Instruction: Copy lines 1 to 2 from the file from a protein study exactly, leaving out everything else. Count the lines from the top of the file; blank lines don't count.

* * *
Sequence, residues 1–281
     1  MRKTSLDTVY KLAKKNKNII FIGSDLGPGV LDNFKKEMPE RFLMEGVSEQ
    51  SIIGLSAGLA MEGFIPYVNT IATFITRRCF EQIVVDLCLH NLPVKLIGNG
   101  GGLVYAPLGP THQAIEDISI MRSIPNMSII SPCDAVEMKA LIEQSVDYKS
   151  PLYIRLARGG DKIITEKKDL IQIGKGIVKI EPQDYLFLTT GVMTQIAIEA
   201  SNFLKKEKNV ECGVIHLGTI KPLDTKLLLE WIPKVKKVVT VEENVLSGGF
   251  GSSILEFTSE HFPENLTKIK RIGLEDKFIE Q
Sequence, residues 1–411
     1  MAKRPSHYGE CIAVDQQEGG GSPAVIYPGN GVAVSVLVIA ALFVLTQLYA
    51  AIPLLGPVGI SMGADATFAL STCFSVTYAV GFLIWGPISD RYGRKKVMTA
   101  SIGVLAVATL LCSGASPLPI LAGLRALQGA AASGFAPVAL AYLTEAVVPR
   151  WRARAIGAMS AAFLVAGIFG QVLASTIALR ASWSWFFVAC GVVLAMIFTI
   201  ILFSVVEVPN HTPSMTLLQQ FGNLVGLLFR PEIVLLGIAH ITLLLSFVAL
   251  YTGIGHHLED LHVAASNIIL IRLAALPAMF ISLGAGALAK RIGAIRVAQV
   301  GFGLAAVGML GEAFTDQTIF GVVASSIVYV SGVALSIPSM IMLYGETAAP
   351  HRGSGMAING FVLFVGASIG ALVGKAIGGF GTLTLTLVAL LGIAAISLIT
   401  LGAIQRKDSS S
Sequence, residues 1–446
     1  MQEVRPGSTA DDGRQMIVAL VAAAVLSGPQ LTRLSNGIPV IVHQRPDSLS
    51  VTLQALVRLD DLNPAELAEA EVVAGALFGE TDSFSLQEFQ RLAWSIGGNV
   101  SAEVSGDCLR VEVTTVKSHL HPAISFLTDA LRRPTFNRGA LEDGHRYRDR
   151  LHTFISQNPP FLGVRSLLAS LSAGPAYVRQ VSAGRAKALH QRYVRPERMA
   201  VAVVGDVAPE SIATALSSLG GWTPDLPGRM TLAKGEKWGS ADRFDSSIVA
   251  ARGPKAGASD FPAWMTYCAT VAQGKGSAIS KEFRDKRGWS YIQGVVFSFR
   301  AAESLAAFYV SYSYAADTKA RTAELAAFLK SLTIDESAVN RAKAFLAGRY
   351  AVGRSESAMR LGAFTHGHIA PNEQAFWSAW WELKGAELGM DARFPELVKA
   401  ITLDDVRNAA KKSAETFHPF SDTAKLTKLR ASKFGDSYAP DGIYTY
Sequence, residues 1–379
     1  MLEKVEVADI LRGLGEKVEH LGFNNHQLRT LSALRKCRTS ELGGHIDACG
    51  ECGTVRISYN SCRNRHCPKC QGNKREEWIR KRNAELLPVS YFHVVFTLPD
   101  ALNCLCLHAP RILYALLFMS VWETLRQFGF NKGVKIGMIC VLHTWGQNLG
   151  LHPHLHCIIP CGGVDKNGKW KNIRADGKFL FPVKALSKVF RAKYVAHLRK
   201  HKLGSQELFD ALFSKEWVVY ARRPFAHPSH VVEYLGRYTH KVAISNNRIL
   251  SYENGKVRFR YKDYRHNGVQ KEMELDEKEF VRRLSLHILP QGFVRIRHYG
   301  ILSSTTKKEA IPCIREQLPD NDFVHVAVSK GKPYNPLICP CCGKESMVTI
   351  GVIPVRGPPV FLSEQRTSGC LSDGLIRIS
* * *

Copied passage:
Sequence, residues 1–281
     1  MRKTSLDTVY KLAKKNKNII FIGSDLGPGV LDNFKKEMPE RFLMEGVSEQ